Today’s post is dedicated to menswear. It’s a topic that I’ve always been interested in, but that is outside of my expertise. Several of my male friends have encouraged me to write on this topic, and to offer menswear options in my store. Challenge accepted!
But a challenge it is. I’m not a man. I’m an only child. And I’m single. So it is sufficient to say that I offer a totally female perspective on men’s clothing. This left me wondering: how do men evaluate clothes? I imagined that it was completely different than the way that I approached shopping. Until I saw this:
My friend Seth posted this photo on facebook. His caption says it all:
“Lunchtime purchase of Hunter boots already paying dividends.”
As a woman, I evaluate clothing based on fit, quality, and economics.
- Fit is everything. The wrong silhouette or cut is disastrous. A poor cut not only adds the illusion of weight to your frame, it makes you look sloppy.
- Quality trumps quantity. Having a few well-made options is much better than a closet full of cheap, disposable fashion. Over time, you spend more money replacing cheaply made clothing. This also means you have to spend more time shopping to replace them. A minimalist wardrobe of high quality pieces pays for itself in terms of cost-per-wear, and makes getting ready easy.
- Budget, budget, budget: Buy the best that you can afford. But don’t go into debt in the process. Save up to buy a high ticket item. Also check online retailers to see if you can get a better price. And remember: certain items are worth a splurge.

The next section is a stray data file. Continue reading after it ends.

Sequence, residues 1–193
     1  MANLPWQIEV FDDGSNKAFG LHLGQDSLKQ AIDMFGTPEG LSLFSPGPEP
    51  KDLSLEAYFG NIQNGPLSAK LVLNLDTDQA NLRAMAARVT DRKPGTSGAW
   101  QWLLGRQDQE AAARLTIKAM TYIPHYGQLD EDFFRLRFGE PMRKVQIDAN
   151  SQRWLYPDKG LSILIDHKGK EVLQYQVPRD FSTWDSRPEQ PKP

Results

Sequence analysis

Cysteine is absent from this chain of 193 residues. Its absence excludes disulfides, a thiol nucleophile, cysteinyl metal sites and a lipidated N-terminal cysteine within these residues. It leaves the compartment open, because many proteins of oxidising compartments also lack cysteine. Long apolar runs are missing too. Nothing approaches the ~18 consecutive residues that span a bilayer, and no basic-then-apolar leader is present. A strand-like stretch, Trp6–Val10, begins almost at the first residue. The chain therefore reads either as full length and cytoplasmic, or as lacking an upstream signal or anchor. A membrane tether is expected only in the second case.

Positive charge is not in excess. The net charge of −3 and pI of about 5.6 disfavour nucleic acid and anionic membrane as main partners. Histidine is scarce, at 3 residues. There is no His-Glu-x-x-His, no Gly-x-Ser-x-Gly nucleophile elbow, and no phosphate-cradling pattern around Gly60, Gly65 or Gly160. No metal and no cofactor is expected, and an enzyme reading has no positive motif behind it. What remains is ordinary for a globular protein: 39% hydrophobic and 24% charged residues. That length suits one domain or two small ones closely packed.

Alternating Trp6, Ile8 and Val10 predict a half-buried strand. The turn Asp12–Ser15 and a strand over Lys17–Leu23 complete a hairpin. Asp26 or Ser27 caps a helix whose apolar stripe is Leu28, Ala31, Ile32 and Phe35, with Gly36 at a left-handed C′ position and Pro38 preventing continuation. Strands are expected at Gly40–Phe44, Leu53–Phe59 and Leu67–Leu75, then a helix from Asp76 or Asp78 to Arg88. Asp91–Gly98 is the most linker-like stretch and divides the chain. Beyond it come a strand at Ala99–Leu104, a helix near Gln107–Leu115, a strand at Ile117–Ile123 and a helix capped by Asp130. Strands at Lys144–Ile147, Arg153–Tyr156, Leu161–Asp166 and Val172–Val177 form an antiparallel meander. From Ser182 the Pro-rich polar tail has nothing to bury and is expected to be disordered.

From the photo caption, Seth seemed to agree on the idea of cost-per-wear and quality over quantity. Hunter boots are great for inclement weather. With an average price of $140, Hunter boots can seem a bit steep for a pair of wellingtons. But after a hurricane or snowstorm comes, your feet are warm and dry. You won’t get sick or ruin your other shoes, either.
Maybe men and women don’t think so differently about shopping after all. Seth let me ask him a few questions about how he dresses and shops. Let’s see what he says:
1) What do you do for work? Is how you dress for work extremely different than how you dress for nights and weekends?
Some of the challenges that I face when looking for clothes online, is not knowing if something will fit my body right. I find it hard to venture into new brands if I haven’t tried something on prior to purchasing. Even though many websites provide measurements, a difference in a type of cut or fit tends to differ according to brand. (So true, Seth!)
Once I do find a brand that I like, I find myself being very loyal to that brand. I found a shirt maker in London, Charles Tyrwhitt, whose dress shirts and casual weekend shirts fit me great. They are also very reasonably priced. The difference I’ve found with buying shirts from Charles Tyrwhitt, compared to shirts you’d find at department stores like Lord & Taylor and Macy’s, is they offer more with cut type. For example, there are greater varieties like slim fit, classic fit, tailored fit. They also offer more precise arm length measurements. At Charles Tyrwhitt, the sleeve measurements are exact (i.e. 35) whereas most shirts at department stores are 34/35. This makes a big difference on how a shirt fits and looks while wearing.
3) How often would you say you buy new clothes and accessories?
Lately, I’ve been adding something to my wardrobe monthly. I’ve been updating “staples” by either upgrading the brand or replacing due to normal wear and tear. I’ve also been venturing into new territory with some of my purchases, items which I would not typically wear, trying to stretch my look. For example, I bought a brown leather jacket at Zara for the fall.